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America’s Last Chance

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It is vital for America to put pragmatism in the front and ideology in the back seat. This article is written from the perspective of American interests: Now might be America’s last chance to gain control over Pakistan’s nukes, before neo-Taliban elements take control of Pakistan’s military.

There is little doubt that the trend in The Islamic Republic of Pakistan is away from democracy rather than towards it. Therefore, there is little doubt that when — and not if — General Musharraf gets overthrown, the next ruler of Pakistan will be a fundamentalist under the control of Pan-Islamic jihadi elements. Meanwhile, today’s 25 nukes in Pakistan will multiply to 500 and 1,000 nukes over the next ten years. The worst thing that America could do now would be to legitimize Musharraf’s nuclear blackmail, and thereby further encourage Islamic militants.

Rather than imagining today’s situation as a static one, American strategic thinkers need to project the most likely scenario over the next five to ten years. American choices today should be based on future projections of these critical matters. Since the average political lifespan of a Pakistani ruler has been around five years, before he gets killed by his successor, planning for US security on the presumption of the General’s ability to rule would be a dangerous blunder.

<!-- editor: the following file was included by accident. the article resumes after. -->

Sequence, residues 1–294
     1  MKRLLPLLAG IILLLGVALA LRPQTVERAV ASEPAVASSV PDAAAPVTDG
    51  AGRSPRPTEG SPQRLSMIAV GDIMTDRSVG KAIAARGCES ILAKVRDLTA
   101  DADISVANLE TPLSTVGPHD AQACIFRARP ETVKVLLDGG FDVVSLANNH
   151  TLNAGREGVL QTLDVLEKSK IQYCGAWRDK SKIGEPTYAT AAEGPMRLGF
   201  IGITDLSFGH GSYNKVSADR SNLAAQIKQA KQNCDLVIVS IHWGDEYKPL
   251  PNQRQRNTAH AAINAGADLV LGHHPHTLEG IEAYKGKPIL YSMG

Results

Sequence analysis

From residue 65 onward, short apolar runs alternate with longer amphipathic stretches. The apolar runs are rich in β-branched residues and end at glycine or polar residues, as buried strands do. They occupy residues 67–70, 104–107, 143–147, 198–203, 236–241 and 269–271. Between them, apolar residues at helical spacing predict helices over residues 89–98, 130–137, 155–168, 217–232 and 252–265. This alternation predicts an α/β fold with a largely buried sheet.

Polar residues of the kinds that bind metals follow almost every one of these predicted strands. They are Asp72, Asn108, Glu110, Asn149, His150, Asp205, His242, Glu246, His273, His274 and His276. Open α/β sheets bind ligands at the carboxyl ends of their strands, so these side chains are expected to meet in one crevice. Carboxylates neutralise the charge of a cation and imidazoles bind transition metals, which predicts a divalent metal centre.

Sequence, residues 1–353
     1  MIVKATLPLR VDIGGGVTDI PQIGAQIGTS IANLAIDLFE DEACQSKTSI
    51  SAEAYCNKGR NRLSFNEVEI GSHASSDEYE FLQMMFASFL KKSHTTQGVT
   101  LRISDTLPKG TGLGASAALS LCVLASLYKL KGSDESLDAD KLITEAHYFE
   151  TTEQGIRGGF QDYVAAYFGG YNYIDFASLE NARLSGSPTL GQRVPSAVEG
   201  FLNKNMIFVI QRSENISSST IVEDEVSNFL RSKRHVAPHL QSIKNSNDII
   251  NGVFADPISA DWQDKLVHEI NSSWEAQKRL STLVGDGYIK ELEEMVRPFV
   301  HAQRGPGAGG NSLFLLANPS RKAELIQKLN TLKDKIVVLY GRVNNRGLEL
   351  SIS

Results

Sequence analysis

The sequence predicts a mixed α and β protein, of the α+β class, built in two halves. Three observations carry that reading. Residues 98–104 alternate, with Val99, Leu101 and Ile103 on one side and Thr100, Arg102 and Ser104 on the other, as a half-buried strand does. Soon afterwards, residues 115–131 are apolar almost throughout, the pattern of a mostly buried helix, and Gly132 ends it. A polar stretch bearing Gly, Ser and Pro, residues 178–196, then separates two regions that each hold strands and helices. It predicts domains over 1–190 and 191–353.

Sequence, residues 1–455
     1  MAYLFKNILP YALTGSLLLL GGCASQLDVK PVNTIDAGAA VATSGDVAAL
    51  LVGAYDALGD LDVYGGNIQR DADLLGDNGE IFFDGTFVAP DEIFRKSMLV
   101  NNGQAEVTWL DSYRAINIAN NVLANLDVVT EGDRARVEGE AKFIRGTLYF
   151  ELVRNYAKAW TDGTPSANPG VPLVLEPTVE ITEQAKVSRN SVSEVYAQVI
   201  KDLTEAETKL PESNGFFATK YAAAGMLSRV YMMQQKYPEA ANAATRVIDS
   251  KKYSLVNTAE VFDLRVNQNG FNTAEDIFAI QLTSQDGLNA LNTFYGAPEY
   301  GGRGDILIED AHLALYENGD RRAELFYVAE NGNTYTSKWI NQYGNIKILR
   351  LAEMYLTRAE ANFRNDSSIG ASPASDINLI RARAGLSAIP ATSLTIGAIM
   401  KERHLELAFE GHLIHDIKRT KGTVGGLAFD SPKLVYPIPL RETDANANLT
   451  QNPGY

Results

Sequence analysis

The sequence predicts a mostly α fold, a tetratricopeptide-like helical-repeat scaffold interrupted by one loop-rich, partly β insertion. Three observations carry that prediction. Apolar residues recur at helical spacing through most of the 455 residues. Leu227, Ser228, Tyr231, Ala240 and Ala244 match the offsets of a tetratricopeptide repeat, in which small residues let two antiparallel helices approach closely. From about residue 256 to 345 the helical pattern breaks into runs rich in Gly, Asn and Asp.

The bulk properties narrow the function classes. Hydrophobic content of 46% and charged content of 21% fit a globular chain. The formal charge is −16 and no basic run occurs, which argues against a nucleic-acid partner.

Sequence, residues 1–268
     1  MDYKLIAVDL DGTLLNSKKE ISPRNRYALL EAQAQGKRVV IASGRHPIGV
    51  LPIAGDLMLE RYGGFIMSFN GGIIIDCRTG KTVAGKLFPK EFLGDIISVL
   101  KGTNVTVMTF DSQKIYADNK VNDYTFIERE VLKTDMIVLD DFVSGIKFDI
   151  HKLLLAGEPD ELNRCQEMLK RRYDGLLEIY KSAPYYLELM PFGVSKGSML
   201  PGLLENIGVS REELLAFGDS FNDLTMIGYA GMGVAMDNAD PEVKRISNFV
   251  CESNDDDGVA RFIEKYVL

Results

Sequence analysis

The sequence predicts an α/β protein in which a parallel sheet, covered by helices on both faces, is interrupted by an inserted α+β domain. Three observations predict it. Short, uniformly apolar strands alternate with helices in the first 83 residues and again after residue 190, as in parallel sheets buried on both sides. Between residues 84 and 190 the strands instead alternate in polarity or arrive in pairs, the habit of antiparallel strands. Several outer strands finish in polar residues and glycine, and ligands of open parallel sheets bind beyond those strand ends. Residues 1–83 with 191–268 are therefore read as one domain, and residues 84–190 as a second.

It is daily becoming clearer that the General does not enjoy the power, within his own country or even within his own army, to the extent that US policy expects and assumes. This is especially so in the dangerous hot spots of the Western areas of Pakistan, where Pashtun speaking tribes are harboring Al Qaeda and Taliban leaders, most probably including UBL himself. No previous Pakistani government has been successful in controlling these tribal areas.

I would like to state that the most dangerous area in the world today is the region sandwiched between Afghanistan on the West and sections of Pakistan on the East. This region includes parts of Eastern Afghanistan and Western Pakistan. It is connected with Pakistan-Occupied Kashmir, and this turns Kashmir into an extension of the Al Qaeda / Taliban theater of terrorism.

While the outcome of the Kashmir real estate dispute itself has little direct consequence to American interests, it is this greater issue — of long-term control concerning Pakistan’s nukes — that looms overhead. This should be the focus.